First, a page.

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View Full Version : Military families applaud Marine Corps' decision to ditch vehicle decals



Rocky C
05-13-16, 07:21 AM
The Marine Corps has officially put an end to vehicle decal requirements years after other military services ditched the stickers that many complained could leave troops and their families the targets of terror attacks.

Marines and their families will no longer be required to display decals on their cars in order to gain access to bases. Officials announced the policy change Monday in administrative message 245/16, signed by Lt. Gen. James Laster, director of Marine Corps Staff.

Marine spouse Kristine Schellhaas, founder and editor of USMClife.com, which provides information about duty stations, schools and area activities, said the move was long overdue. Schellhaas was hacked by Islamic State group supporters earlier this year while her husband was deployed to Iraq, as a military adviser.

Even though the FBI and Naval Criminal Investigative Service took steps to protect her and her family, driving around in a vehicle with a military decal made her nervous.

"There was still that nagging feeling I had driving out into the local community, knowing that I had this target on my car," she told Marine Corps Times. "We didn't know if I was specifically targeted because my husband was overseas in Iraq and they saw his nametape, or if it was just coincidence because of my active work in the Marine Corps community.

"Nevertheless, I couldn't take the decal off my car without breaking a Marine Corps order ó this one little sticker was causing concern for my and my family's safety."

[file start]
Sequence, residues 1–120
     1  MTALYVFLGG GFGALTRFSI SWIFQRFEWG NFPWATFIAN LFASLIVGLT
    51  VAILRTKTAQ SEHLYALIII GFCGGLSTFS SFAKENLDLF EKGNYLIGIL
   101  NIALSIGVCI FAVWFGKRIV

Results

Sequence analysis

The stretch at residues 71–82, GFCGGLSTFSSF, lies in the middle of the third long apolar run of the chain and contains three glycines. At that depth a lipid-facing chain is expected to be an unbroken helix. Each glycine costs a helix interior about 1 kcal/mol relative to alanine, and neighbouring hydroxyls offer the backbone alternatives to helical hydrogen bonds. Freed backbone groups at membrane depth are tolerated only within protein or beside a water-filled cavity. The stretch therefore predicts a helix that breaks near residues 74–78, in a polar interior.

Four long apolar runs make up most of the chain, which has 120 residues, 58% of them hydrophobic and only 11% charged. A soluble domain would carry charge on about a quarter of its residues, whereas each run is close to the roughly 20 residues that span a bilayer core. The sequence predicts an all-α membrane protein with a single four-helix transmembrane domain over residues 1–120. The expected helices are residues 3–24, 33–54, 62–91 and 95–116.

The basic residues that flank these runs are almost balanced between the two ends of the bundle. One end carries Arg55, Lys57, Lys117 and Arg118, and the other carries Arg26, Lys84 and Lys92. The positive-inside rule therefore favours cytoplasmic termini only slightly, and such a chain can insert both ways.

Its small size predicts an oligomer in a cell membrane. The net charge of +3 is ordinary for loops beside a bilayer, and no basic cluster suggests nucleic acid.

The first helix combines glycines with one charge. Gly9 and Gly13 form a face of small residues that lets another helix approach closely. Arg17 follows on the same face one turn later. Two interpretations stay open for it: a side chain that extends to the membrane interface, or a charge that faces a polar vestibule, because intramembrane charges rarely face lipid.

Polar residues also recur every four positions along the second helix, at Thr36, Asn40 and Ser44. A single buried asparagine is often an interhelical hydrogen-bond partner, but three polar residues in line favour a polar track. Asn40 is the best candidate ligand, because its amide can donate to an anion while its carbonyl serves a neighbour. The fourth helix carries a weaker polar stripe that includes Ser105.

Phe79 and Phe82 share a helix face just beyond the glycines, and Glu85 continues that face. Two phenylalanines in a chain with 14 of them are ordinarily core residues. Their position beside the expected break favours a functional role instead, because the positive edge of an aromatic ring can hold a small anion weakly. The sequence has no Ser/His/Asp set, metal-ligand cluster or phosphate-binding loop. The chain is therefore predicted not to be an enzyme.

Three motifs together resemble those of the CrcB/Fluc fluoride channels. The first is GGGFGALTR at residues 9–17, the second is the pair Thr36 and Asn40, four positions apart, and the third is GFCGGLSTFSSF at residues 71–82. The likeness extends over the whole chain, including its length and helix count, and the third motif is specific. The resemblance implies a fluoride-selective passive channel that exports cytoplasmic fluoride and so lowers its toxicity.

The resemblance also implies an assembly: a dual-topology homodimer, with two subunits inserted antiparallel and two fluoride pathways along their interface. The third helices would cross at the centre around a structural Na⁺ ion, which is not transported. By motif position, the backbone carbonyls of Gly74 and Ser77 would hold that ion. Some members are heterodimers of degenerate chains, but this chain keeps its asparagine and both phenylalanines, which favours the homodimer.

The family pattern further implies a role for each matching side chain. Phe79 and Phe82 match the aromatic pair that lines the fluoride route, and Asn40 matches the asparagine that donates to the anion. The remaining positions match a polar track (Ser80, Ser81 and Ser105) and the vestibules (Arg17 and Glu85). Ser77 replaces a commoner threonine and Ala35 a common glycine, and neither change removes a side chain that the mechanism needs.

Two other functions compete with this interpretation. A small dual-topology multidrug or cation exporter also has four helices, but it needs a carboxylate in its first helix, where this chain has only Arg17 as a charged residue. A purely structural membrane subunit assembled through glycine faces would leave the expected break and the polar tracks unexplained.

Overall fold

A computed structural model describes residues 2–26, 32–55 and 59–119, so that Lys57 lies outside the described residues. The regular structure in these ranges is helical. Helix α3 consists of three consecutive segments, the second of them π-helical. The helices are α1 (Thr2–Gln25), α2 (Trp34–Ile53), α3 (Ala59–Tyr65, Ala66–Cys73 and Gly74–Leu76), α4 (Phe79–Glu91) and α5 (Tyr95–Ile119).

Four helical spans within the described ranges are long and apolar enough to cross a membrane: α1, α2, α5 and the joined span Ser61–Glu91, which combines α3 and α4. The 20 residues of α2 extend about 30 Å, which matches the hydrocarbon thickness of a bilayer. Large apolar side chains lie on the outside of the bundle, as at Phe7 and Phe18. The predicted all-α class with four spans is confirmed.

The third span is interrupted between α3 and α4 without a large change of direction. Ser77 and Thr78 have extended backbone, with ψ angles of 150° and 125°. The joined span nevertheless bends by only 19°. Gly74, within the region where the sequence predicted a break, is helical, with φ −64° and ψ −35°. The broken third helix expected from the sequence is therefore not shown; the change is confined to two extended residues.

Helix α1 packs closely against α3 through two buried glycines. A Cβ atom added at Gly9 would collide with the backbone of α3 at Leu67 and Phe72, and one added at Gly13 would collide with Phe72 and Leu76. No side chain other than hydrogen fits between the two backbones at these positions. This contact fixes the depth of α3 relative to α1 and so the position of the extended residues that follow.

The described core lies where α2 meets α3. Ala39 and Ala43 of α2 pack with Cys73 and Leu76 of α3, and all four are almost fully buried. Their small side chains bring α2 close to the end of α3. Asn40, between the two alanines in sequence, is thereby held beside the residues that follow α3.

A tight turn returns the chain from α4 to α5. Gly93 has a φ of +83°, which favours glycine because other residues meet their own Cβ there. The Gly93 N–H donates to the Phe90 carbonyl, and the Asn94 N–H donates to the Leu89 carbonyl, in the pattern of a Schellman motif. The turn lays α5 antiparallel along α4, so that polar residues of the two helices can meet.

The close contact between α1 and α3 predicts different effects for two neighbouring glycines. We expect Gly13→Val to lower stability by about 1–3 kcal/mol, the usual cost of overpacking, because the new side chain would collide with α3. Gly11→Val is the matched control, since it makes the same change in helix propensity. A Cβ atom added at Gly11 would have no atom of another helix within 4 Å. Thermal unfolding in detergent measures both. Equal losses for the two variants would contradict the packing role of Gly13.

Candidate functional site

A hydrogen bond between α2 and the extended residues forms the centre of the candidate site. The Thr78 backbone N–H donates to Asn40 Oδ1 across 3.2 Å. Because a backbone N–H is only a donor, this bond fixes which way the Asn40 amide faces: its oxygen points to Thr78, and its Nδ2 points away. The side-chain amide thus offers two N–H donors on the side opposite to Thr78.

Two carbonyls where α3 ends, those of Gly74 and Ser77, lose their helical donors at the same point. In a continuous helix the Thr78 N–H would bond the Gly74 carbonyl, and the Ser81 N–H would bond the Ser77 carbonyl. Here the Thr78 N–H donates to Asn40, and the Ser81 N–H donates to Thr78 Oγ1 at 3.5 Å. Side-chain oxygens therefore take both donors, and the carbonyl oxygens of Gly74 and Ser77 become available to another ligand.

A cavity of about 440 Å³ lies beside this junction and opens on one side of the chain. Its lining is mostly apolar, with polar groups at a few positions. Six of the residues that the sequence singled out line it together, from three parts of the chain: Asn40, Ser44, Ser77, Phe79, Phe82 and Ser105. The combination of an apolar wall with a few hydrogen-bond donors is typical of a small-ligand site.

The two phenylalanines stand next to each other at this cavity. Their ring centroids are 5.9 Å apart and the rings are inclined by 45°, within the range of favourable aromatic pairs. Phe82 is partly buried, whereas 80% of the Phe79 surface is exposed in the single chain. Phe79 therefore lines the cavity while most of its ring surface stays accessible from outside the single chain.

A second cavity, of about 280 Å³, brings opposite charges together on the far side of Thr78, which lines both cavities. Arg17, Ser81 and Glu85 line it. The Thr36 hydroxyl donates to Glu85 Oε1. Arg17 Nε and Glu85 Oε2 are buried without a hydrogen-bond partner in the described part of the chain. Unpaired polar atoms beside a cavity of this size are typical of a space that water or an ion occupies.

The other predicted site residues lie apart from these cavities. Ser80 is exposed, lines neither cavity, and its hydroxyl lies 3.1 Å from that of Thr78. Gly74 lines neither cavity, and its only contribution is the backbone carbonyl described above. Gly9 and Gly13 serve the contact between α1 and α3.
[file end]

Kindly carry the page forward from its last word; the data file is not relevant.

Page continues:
The Marine Corps is the last service to ditch vehicle decals. The Air Force axed them in 2007 in light of security concerns. The Army followed suit in 2011, and the Navy did the same two years later.

Marine families were particularly vocal about removing the requirement last year after ISIS released the names and addresses of 100 troops, urging sympathizers to carry out attacks against them.


Still, the Marine Corps required the stickers as a way to support traffic management, vehicle registration requirements and Clean Air Act mandates. That requirement continued even after a March 2015 change to Pentagon policy said vehicle decals no longer serve a useful purpose and are incompatible with the requirement to conduct 100 percent identification card checks. Since bases already require a 100 percent ID check at all gates, Pentagon officials said decals were not only unnecessary, but wasteful.

Schellhaas said while some may choose to keep the sticker on their vehicle out of pride, most are relieved to remove the outward military affiliation from their cars.

"I feel better knowing that they are safeguarding our military families," she said.

Identification checks will continue at military base checkpoints, and spot checks of vehicle registration can be expected. So far, Schellhaas said she hasn't noticed any backups getting through the gate at Camp Pendleton in California.

All drivers still must maintain a valid state driverís license, proof of insurance, registration and a safety inspection sticker (if required by the state in which the vehicle is registered), according to the MARADMIN. Those who fail to register vehicles can face citation, loss of driving privileges, impoundment and/or other adverse personnel or administrative actions.

Tennessee Top
05-13-16, 11:59 AM
Still got one on my car. For what it's worth.http://i238.photobucket.com/albums/ff166/rvanclea/MISC/9390c382-45b7-4db7-a684-62a678af715d.jpg (http://s238.photobucket.com/user/rvanclea/media/MISC/9390c382-45b7-4db7-a684-62a678af715d.jpg.html)